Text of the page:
It drove record-setting demand for energy.
Preliminary figures show TVA hit an all-time high in peak demand of 34,524 megawatts at 8 a.m. CT, Jan. 17. Precisely four days later, the enterprise notched its second-highest usage peak: 34,284 megawatts.
Four of the top seven highest-energy use days in TVA history occurred during the storm, Walshe said.
From Jan. 15-21, TVA delivered 3.4% more power than its previous record-setting week in January 2010.
“We made a lot of plans to ensure that we delivered reliable power to keep everybody safe and warm across the Valley,” Walshe said. “We did just that through a lot of planning and preparing and a lot of investment in our infrastructure.”
Patrick Walshe, manager of resource operations and analysis, at TVA’s central grid operations center in Chattanooga.
Every Megawatt Counts
This past year, TVA hardened its system to prepare for severe winter weather.
TVA recently invested $123 million in the effort, including thousands of upgrades to protect outdoor equipment from freezing.
Team members strengthened winterization protocols. They implemented training and rehearsed drills. They developed communication playbooks and shared plans with local power companies and other partners.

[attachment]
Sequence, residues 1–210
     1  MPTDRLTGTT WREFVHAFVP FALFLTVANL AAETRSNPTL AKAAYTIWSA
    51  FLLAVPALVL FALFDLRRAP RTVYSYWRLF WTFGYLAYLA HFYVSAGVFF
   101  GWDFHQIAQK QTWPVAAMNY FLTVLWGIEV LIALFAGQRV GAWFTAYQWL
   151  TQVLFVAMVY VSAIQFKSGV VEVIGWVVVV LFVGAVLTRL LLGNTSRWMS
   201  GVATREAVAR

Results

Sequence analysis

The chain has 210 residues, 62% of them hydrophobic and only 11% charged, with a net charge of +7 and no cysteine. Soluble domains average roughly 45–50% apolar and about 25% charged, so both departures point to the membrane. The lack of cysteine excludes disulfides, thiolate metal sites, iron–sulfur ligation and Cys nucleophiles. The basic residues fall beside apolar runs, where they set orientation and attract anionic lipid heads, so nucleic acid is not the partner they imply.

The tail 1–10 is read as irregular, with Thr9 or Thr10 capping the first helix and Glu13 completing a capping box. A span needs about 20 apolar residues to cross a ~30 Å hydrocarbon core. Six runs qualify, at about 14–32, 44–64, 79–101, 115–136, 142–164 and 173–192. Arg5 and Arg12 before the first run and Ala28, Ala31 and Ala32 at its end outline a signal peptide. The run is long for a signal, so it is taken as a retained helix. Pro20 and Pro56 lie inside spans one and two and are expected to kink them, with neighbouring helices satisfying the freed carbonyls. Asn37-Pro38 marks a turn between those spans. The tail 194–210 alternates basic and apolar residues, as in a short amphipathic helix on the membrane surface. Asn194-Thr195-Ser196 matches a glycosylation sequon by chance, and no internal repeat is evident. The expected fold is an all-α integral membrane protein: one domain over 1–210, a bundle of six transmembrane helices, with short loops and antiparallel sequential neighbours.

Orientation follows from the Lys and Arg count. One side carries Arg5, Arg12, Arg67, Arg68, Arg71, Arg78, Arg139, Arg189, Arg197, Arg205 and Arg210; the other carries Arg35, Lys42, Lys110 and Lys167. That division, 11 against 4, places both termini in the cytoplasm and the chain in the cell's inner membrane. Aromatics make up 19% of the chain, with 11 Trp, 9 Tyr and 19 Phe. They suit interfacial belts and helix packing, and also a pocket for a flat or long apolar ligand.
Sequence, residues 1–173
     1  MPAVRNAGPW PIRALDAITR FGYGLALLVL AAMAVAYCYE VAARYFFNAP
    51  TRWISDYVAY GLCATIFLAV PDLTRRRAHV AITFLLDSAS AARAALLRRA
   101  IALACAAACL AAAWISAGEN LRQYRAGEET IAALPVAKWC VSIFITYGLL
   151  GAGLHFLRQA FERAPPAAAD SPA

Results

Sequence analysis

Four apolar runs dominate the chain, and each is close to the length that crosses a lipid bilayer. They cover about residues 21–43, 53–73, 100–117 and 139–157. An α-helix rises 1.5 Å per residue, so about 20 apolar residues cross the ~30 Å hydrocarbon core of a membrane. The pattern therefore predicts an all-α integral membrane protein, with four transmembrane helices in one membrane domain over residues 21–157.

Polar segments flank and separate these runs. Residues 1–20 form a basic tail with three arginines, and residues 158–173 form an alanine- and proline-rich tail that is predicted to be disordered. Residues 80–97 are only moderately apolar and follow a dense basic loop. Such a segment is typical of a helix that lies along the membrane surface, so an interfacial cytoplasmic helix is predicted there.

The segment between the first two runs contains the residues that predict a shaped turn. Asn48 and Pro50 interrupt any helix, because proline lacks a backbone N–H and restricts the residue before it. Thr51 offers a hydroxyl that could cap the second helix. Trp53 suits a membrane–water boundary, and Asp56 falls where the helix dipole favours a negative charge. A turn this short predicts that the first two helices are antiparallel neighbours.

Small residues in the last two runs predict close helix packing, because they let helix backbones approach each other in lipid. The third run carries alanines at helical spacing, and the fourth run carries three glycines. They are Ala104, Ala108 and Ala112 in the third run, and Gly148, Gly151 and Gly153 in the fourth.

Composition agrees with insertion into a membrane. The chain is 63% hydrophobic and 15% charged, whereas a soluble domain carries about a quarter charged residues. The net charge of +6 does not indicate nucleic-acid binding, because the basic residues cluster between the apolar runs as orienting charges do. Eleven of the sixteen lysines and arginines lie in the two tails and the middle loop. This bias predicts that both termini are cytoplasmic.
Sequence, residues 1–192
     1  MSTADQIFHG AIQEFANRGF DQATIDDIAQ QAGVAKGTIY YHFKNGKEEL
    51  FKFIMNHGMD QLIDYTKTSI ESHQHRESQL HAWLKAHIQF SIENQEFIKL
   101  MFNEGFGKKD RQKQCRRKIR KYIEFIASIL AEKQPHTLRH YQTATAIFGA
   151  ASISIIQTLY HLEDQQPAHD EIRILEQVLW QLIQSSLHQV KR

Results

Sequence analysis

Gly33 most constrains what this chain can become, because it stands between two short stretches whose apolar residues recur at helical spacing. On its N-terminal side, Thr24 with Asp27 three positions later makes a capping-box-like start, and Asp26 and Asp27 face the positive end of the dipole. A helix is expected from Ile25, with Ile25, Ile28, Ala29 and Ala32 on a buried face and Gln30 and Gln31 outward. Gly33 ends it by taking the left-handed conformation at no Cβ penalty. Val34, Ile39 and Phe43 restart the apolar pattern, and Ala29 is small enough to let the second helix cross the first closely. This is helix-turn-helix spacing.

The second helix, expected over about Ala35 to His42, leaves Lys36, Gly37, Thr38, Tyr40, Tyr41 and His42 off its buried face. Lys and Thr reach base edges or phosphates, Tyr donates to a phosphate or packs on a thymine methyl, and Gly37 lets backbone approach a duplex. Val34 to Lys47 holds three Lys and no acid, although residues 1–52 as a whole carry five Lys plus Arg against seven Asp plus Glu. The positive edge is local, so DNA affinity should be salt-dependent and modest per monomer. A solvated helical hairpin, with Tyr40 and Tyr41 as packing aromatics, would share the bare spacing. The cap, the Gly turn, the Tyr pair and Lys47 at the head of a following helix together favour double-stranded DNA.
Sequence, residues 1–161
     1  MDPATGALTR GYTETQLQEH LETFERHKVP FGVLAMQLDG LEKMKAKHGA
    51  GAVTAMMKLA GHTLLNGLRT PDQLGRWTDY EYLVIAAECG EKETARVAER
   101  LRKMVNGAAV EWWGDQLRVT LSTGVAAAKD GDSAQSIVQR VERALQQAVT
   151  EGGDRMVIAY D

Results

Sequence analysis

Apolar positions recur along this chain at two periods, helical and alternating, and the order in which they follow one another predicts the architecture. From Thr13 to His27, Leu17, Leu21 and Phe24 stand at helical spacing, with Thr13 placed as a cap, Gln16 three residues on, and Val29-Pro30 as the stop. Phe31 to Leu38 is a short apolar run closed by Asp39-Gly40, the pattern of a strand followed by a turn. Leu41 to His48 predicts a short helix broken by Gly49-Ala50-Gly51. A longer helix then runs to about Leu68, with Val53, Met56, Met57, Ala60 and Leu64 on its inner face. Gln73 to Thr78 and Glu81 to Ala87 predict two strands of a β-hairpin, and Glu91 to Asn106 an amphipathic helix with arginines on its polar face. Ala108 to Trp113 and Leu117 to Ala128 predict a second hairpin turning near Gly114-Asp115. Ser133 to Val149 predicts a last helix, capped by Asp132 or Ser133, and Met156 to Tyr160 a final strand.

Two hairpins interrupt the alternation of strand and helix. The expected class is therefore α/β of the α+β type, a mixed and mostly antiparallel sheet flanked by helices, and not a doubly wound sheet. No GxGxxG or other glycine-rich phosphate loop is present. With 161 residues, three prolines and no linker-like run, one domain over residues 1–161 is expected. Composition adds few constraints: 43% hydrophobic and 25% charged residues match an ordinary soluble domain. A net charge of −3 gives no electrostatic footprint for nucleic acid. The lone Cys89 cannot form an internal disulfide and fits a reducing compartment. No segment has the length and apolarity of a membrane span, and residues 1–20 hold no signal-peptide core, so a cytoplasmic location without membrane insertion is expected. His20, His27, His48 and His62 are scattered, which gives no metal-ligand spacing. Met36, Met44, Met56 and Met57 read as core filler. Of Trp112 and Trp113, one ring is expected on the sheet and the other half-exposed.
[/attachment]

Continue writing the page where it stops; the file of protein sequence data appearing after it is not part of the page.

When the storm hit, everyone had a role to play.
On the storm’s eve, hydro technician Brad Sands was dispatched to Tims Ford Dam, on the Elk River near Winchester, Tennessee.
Bring plenty of food, he was told.
Sands, who usually works at the much larger Chickamauga and Nickajack dams, arrived just before the snow began to accumulate.
It reached depths of 10 inches. The temperature dropped to minus 11.
He wound up staying at the plant from late Jan. 14 to midafternoon Jan. 18.
He and fellow hydro technician Curt Porter camped out in the control room, closely monitoring the delicate balance of pressure in the governor oil pump and levels in the sump and accumulator tank.
Tims Ford is a small dam, with just one turbine generating 36 megawatts.
But every megawatt mattered during the storm, Sands said. Smooth operation was critical.
“That’s the difference in keeping the lights on,” he said.
At Chickamauga Dam in Chattanooga, Sands points out components critical for safe and reliable dam operation.
Pizzas and Pot Roast
Storm preparations at larger plants were extensive.
Workers readied salt and ice melt, auxiliary heaters, extension cords, boot spikes and gloves.
Inventory storerooms and distribution centers were stocked. TVA supply chain team members contacted vendors to ensure they could procure critical supplies on short notice.
Plant staff brought ice cleats home so they’d be safe from the moment they stepped out of their vehicles.